Prodita Sabarini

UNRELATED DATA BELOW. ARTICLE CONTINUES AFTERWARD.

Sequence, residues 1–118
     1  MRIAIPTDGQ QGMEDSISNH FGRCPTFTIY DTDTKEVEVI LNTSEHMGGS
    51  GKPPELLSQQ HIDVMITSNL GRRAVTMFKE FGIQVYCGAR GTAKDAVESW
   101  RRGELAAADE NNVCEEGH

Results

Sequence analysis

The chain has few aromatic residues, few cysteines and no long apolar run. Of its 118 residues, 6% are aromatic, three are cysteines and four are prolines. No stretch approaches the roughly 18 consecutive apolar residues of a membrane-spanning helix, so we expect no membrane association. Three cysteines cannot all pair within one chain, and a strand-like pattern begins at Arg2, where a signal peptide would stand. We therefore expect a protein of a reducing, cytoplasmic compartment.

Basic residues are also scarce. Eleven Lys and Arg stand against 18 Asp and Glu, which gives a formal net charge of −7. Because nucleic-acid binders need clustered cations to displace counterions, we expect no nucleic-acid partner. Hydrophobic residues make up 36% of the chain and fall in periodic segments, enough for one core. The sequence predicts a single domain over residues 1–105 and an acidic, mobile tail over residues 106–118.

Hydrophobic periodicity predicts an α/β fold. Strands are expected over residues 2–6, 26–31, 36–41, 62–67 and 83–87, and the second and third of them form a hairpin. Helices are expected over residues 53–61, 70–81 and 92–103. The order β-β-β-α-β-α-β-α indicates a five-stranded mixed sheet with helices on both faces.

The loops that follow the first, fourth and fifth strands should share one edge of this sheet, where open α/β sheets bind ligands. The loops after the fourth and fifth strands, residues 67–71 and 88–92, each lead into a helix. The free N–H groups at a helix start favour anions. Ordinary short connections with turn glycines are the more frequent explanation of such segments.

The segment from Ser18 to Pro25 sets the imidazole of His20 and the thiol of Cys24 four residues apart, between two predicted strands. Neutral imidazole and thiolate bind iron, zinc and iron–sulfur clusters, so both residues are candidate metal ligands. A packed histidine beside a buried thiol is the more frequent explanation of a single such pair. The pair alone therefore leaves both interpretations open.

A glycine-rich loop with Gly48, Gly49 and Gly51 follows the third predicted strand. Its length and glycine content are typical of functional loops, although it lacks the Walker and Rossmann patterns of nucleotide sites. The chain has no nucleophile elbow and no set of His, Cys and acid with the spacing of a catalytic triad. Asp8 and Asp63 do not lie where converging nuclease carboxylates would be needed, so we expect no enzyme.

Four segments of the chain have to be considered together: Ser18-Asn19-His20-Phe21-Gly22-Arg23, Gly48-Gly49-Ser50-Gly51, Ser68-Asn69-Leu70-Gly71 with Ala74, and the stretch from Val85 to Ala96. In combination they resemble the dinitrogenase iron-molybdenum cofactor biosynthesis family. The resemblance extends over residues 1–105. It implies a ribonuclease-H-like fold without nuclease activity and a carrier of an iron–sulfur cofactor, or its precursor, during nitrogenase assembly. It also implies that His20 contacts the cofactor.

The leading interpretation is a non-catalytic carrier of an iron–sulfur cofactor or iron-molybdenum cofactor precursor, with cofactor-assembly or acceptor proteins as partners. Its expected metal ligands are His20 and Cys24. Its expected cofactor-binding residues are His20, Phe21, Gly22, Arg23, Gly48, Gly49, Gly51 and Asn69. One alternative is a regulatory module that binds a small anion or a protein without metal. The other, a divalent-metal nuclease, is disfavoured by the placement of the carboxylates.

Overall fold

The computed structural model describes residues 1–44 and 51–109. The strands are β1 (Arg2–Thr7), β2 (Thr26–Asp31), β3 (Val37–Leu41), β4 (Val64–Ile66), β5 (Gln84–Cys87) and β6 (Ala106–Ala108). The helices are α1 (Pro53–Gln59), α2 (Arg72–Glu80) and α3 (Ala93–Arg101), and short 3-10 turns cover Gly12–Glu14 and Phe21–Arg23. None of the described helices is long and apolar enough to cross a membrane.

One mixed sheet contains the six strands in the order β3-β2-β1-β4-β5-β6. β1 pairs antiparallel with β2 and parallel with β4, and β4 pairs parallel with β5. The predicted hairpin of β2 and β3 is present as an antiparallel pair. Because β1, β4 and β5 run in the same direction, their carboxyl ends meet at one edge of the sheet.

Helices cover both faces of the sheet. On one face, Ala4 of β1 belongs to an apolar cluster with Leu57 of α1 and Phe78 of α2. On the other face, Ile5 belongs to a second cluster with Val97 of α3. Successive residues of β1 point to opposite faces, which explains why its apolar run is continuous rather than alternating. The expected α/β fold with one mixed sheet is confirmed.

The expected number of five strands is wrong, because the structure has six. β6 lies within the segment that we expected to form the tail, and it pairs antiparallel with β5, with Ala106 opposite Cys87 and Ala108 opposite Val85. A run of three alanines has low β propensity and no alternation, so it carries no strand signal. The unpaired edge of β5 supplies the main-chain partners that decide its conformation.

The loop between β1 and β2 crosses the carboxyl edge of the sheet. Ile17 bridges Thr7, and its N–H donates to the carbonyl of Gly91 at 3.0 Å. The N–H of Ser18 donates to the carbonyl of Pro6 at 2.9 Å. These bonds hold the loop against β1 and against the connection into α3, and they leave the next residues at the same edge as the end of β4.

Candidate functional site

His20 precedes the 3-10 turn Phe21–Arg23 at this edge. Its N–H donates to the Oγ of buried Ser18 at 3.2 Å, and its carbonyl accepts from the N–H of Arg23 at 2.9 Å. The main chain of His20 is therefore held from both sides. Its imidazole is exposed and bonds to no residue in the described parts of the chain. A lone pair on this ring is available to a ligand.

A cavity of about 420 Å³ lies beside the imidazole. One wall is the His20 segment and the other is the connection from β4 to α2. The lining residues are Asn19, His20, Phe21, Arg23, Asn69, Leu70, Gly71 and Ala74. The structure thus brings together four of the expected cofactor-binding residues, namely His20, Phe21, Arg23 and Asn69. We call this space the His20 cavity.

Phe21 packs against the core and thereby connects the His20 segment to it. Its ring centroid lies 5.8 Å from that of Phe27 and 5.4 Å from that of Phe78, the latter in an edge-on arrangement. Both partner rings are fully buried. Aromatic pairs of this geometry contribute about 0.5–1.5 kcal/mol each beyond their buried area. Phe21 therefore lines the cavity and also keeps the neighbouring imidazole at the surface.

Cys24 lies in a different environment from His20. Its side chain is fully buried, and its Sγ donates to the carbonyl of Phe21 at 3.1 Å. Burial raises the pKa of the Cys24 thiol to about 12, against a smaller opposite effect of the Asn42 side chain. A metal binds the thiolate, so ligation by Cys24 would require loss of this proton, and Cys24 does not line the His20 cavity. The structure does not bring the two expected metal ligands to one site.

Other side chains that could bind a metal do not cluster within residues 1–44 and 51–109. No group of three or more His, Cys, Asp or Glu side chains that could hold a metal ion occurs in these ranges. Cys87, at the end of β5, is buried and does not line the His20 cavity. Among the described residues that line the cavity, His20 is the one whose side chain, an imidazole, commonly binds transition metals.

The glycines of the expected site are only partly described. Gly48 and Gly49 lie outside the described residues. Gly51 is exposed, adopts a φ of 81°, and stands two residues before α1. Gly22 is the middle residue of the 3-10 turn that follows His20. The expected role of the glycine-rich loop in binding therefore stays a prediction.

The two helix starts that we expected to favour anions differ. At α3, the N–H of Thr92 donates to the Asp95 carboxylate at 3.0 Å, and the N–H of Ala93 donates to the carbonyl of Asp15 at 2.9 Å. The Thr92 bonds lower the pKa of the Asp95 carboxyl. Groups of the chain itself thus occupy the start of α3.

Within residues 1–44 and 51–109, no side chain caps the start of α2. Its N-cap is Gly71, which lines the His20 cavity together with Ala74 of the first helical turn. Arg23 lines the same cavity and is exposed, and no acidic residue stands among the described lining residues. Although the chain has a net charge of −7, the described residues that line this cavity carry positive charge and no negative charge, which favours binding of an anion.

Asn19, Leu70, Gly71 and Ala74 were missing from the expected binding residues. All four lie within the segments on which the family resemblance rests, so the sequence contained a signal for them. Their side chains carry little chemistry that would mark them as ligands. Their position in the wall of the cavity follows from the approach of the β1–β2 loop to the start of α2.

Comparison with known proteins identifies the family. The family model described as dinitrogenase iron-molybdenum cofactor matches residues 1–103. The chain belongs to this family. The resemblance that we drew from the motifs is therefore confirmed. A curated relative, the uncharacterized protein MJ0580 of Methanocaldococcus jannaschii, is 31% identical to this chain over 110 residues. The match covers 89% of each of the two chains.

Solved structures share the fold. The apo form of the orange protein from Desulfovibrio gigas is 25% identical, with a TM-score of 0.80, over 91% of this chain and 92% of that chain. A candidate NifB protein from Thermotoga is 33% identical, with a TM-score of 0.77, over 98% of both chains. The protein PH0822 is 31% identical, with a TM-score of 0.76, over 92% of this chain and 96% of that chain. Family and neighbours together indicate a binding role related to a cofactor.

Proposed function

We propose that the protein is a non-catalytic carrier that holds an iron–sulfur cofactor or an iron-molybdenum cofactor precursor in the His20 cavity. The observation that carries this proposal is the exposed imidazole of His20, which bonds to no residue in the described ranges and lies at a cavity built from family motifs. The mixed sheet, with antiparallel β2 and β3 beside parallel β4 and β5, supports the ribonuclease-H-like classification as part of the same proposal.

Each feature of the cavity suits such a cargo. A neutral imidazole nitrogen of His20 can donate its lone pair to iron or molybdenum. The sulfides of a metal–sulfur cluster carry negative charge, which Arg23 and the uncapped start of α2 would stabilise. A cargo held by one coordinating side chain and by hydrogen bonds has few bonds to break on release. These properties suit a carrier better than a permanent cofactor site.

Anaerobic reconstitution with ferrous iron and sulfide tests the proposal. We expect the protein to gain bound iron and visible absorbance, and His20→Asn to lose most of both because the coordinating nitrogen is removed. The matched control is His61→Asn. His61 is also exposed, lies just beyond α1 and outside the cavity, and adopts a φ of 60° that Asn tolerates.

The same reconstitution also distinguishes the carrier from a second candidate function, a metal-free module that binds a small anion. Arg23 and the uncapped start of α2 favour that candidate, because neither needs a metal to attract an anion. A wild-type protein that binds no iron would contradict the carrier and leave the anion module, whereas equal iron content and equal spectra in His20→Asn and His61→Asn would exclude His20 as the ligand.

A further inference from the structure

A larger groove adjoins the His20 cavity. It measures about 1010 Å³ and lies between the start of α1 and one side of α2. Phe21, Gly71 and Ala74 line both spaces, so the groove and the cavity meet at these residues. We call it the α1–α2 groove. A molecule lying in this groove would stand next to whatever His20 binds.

When asked on her reaction to being named the 2013-2014 Neuffer Fellow, Indonesian investigative journalist Prodita Sabarini said, “I was quite speechless when I received the news. I am very happy to be selected and also grateful for this amazing opportunity.” Sabarini hopes to use this fellowship to improve both her academic and professional skills as well as to find answers to what she calls “burning questions” of what causes people to carry out acts of violence because of religious intolerance. But the reporter from the English daily The Jakarta Post did not always have her heart set on being an investigative reporter. “I studied Media Studies for my undergraduate degree at Padjadjaran University, Bandung, and I started out very skeptical of the media, as I learned that behind every text lies ideology. I thought I would be a researcher, deconstructing the texts behind media stories,” Sabarini told the IWMF. Although not a fan of the media, Sabarini took a job in the media business soon after finishing her undergraduate degree in 2005 – a one-year training program at The Jakarta Post for reporters that involved both journalism and on-the-job training in the newsroom. Consistently working her way up in position, Sabarini then moved to working at the City Desk, to the Bali section, to The Sunday Post, and then to the Features Desk, gaining a wide perspective on many topics ranging anywhere from stories of human rights violations, to environmental issues, and even to culture and art. It was about midway through this time in 2008 that Sabarini realized that human rights issues were of great importance to her. “As a journalist, I encountered a lot of people who were marginalized and underrepresented,” Sabarini said. “Their experiences convinced me that their stories needed to be told. The first human rights issue that interested me was on Lesbian, Gay, Bisexual, and Transgender (LGBT) rights.” Sabarini proceeded to tell the highly publicized crime story of a serial murderer case that occurred in Indonesia in 2008. In this case, the perpetrator was gay. “The media blew the story out of proportion and connected the crime to the person’s sexual orientation, creating an image of gay people as sex-crazed psychopaths.” Sabarini described. “I wrote a story on how the media was biased towards LGBT people in the coverage of the serial killer case.” The second human rights issue that drew Sabarini’s attention early was the attack against the minority group Ahmadiyah in 2008. “That year, the Indonesian government released an Anti-Ahmadiyah decree banning the group from propagating their teachings. Following the issue of the decree, a mob attacked a Mosque in Kuningan, West Java. I traveled there to interview the victims of the attack and reported on the increased amount of violence targeted towards Ahmadiyah,” Sabarini described. After writing about human rights issues for several years, Sabarini left Indonesia for a year to head to Sydney, Australia in 2011 when she received an Australian Development scholarship to study a Master’s degree in Human Rights Law and Policy at the University of South Wales. Sabarini remarked that it was during this time that she was able to see “the bigger picture” on human rights by connecting the local issues in the field to the global context. During her time in Sydney, Sabarini contributed to media outlets such as The Australian and 2SER Radio. Returning to Jakarta in 2012, Sabarini was assigned to The Jakarta Post’s Special Reports Desk as an investigative reporter. She covered a variety of critical issues, including the Sunni and Shia conflict in Sampang, Madura, the tension between mining companies and local communities in East Kalimantan, the plight of indigenous people in North Kalimantan, the political dynamics in the restive province of Papua, and about the customary forests of indigenous peoples in Indonesia. During the IWMF Elizabeth Neuffer Fellowship, Sabarini is planning on focusing her research on the phenomenon of religious intolerance and violence. “I think religious intolerance is one of the most important things to be covered in Indonesia at the moment,” Sabarini remarked. “Up until now, persecution against religious minorities has continued in a worrying pace and the government has either stood back and watched or at times been actively involved in impinging minorities’ religious freedom.” Sabarini gives credit for her success in the field of journalism to Linda Christanti, an Aceh-based female journalist who focuses on narrative journalism on human rights issues, and also her female senior editors at The Jakarta Post such as Ati Nurbaiti: “I hope I can inspire young journalists the way that they have inspired me.” “My advice for young journalists is to search for an area that is close to your heart,” Sabarini says. “Journalism is hard work – sometimes sources are hard to come by and field work is tough, but with passion the work that needs to be done will be an enjoyable challenge and will not feel like a job.” Sabarini will begin the seven-month Neuffer Fellowship that combines access to MIT’s Center for International Studies and media outlets including The Boston Globe and The New York Times, in September 2013.